Transportation, Markets and Externalities
August 19, 2013
The Brazilian government is due to spend R$200 billion (US$84 billion) on its ports, airports, railroads and roads over the next two years. This spending highlights the impossibility of separating ‘politics’ from the ‘economy,’ as it is meant to reduce transportation costs, an important – and often overlooked – component of production, distribution and consumption. A Financial Times article [paywall] noted that moving a tonne of soybeans from farm to port in Brazil costs $145, six times the costs in the U.S. The government investment is intended to reduce these costs, which would presumably result in even lower soybean prices, allowing Brazilian farmers to expand their share of the global market. One commentator in the FT article said the high cost of transportation in Brazil means “more expensive food for the rest of the world than it should be.”
This assertion is built on a muddle of assumptions about how markets work. On the one hand, the comment expresses the idea of a proper price for Brazilian agricultural exports, with current prices distorted by the state of transportation infrastructure. On the other hand, this distortion is supposed to be solved by government intervention, while mainstream theory singularly focuses on government as the source of distortion. If transportation prices fall in Brazil it could also increase the margins for farmers encouraging even more expansion of soybean farms through the slashing and burning of the rainforest.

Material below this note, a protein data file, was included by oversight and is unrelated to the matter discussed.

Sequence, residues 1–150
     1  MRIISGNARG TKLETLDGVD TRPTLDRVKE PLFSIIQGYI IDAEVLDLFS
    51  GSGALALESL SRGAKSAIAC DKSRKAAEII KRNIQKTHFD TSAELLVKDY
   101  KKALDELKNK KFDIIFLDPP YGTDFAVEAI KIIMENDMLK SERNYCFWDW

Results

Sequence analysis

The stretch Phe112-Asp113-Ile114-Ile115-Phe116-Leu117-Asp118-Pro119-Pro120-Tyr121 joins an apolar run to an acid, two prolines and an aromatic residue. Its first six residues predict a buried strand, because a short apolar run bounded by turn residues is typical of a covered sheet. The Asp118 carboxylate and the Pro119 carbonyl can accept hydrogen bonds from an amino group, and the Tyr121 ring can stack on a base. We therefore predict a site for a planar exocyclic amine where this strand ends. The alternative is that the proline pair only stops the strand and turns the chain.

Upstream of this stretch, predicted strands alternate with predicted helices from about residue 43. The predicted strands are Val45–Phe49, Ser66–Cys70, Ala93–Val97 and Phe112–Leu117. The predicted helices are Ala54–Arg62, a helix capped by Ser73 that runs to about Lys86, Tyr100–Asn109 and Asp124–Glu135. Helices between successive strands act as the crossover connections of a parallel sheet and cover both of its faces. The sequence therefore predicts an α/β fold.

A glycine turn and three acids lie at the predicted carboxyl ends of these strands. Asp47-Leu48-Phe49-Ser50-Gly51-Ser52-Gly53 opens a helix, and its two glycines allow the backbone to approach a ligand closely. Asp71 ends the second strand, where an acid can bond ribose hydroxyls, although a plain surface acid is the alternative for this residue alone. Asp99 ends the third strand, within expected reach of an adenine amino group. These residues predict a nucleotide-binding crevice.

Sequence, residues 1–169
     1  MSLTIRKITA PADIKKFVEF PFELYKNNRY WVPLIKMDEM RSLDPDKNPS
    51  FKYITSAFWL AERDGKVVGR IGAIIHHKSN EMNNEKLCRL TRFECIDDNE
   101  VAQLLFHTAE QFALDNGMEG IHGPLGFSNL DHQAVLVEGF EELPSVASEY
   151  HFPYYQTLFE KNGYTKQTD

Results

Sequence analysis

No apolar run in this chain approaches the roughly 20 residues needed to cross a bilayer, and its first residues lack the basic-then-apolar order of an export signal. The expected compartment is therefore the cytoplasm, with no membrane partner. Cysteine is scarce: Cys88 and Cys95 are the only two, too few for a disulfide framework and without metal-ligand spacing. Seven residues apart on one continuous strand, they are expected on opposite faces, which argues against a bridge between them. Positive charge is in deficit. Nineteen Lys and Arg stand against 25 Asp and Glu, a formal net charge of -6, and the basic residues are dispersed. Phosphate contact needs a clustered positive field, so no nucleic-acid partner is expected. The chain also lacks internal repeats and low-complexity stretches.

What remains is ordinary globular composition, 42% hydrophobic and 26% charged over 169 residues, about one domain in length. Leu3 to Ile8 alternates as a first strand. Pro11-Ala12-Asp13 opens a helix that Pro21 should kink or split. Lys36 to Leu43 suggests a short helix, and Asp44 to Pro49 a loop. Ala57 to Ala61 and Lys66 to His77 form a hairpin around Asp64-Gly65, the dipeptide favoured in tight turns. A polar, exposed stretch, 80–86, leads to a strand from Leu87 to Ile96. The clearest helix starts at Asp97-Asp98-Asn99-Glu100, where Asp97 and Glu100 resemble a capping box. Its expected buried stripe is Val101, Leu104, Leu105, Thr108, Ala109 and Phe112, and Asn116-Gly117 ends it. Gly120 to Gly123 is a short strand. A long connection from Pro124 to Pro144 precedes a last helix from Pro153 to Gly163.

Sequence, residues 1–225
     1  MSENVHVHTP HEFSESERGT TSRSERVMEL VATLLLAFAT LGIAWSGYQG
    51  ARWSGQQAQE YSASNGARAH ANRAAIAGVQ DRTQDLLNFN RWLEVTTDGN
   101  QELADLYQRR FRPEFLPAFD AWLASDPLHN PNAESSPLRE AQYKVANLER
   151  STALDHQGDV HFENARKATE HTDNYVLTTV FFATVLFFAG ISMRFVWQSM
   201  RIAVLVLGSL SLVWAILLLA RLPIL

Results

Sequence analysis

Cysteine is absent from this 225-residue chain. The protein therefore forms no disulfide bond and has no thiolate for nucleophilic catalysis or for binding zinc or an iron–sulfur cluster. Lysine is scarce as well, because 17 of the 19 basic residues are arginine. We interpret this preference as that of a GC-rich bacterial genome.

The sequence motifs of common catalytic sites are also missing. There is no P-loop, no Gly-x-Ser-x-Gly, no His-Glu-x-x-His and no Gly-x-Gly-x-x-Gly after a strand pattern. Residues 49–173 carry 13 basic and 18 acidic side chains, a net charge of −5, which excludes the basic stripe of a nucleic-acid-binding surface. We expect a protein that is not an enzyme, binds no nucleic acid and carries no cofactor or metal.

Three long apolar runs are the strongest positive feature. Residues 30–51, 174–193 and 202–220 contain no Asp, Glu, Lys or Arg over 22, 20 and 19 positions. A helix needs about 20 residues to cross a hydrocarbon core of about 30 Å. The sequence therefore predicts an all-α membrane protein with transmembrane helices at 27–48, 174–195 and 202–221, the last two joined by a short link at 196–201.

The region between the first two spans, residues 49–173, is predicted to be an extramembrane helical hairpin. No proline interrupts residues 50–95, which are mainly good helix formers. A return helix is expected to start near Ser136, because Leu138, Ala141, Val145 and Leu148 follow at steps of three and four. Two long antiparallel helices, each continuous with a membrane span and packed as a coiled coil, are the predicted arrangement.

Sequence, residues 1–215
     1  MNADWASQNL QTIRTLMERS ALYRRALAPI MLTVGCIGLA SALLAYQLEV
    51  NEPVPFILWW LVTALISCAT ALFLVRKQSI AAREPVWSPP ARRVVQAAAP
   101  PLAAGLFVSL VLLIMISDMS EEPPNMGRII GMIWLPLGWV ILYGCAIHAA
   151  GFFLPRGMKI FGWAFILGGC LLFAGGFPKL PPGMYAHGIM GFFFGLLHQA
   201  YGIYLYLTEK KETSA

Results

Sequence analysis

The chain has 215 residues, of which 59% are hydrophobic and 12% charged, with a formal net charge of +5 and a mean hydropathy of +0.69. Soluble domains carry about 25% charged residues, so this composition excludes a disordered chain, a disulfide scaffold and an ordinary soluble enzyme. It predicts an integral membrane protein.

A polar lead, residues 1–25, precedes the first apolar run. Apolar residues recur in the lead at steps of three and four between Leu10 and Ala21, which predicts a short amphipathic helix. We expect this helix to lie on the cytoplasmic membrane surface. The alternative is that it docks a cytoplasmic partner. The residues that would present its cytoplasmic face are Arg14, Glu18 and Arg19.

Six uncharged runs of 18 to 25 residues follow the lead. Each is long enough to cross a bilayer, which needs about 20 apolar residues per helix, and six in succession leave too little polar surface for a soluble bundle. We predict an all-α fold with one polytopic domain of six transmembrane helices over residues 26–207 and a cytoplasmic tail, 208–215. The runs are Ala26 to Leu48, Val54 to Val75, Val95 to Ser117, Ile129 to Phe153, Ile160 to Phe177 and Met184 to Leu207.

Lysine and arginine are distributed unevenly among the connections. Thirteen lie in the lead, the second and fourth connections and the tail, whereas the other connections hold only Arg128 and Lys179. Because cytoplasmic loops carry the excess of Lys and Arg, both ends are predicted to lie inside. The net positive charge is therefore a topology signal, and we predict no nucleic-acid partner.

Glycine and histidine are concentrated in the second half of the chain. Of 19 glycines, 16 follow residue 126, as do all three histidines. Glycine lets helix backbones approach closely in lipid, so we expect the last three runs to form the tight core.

If soybean prices do drop, then the cost of an important input to US American and European meat producers will fall. This could result in cheaper factory farmed meat or higher profit margins to justify even more expansion. This expansion brings with it an increase in waste output, which imposes a cost on those who live near factory farms in terms of air and water quality. Both the cutting of the rainforest in Brazil and the reduction of air and water quality in the US American Midwest are externalities. Externalities are unpriced subsidies for market participants through costs imposed on those outside the market. While mainstream economists acknowledge the existence of externalities they treat them as an exception. However, once we recognize that all ‘economic’ activities transcend the ‘economy,’ we can more readily recognize the proliferation of externalities.
In the example above, I noted two externalities associated with the Brazilian soybean and US American meat markets. Yet, we can easily think of others. For example, improved roads in Brazil will make them safer, resulting in fewer car accidents. This is a positive externality, since there are beneficiaries beyond the market participants, in contrast to the two previous examples, which were negative externalities, imposing costs. Another defence of mainstream economists is an implicit claim that because there are both positive and negative externalities, these must cancel each other. However, both the costs and benefits to those outside markets are little studied, so we cannot be sure how they are distributed. The ability of capitalists to realize benefits and externalize costs is another aspect of power that requires much more research and analysis.